Cause Specific Mortality and Income in the Mississippi River Delta Region

Diana Bowser, Harvard School of Public Health

This paper uses individual level mortality data to calculate age-standardized mortality rates for five causes of death (cardiovascular disease, other noncommunicable diseases, communicable diseases, injuries and diabetes) for the Delta and non-Delta Regions; uses multinomial logistic regression to adjust individual mortality data for factors that influence death certificate reporting per Murray et al. 2008 for years 1970 – 2000; creates Preston curves and uses OLS to examine the relationship from income to cardiovascular disease and other noncommunicable diseases; and uses 2SLS to show the significant contribution of higher levels of cardiovascular death rates and other noncommunicable disease death rates to lower economic growth. The results show the Delta Region begins to fall farther behind the non-Delta Region after 1990 for all causes of death; income influences cardiovascular disease rates more than noncommunicable disease rates, and higher levels of cardiovascular disease and noncommunicable disease are detrimental to economic growth.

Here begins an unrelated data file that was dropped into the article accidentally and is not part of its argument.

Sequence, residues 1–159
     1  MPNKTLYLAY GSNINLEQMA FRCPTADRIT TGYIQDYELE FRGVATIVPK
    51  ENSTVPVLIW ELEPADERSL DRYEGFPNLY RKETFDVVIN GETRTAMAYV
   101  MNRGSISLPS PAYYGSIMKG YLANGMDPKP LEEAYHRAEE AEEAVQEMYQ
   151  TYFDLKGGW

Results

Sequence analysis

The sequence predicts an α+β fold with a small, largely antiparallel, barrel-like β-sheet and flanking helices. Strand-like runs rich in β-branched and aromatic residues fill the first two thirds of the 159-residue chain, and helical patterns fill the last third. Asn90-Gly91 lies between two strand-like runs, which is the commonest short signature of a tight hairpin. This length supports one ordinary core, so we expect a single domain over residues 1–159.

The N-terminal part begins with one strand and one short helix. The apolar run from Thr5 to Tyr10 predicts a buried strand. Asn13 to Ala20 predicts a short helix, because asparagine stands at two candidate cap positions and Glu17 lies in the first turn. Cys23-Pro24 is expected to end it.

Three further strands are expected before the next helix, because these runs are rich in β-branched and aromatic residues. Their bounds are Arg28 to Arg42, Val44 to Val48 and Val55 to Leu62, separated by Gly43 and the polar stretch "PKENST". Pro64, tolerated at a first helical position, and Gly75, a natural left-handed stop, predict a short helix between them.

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Presented in Session 170: Historical and Geographic Perspectives of Socioeconomic Differences in Mortality